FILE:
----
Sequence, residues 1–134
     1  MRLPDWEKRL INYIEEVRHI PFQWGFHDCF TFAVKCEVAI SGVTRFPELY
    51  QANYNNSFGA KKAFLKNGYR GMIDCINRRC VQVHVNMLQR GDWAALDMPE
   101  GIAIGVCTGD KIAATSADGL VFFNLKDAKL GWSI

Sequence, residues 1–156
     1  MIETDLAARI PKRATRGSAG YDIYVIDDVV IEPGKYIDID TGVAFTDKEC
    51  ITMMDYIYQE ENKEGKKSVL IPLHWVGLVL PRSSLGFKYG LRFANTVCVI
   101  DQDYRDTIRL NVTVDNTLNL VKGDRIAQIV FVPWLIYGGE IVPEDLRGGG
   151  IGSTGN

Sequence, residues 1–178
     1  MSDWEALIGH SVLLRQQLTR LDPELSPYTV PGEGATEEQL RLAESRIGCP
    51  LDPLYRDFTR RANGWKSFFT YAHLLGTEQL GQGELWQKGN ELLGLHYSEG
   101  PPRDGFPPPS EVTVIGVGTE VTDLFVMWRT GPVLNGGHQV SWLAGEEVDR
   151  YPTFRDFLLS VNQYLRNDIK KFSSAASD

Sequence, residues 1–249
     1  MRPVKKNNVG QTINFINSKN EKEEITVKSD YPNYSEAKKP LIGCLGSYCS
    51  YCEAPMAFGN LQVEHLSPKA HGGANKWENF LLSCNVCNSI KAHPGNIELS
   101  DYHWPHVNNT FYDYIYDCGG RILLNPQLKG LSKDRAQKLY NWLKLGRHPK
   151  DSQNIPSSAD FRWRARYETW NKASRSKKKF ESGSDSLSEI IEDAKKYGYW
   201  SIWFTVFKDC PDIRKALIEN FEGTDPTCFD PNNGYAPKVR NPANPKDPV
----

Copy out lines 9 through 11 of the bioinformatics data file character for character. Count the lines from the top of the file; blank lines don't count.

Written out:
   151  IGSTGN

Sequence, residues 1–178
     1  MSDWEALIGH SVLLRQQLTR LDPELSPYTV PGEGATEEQL RLAESRIGCP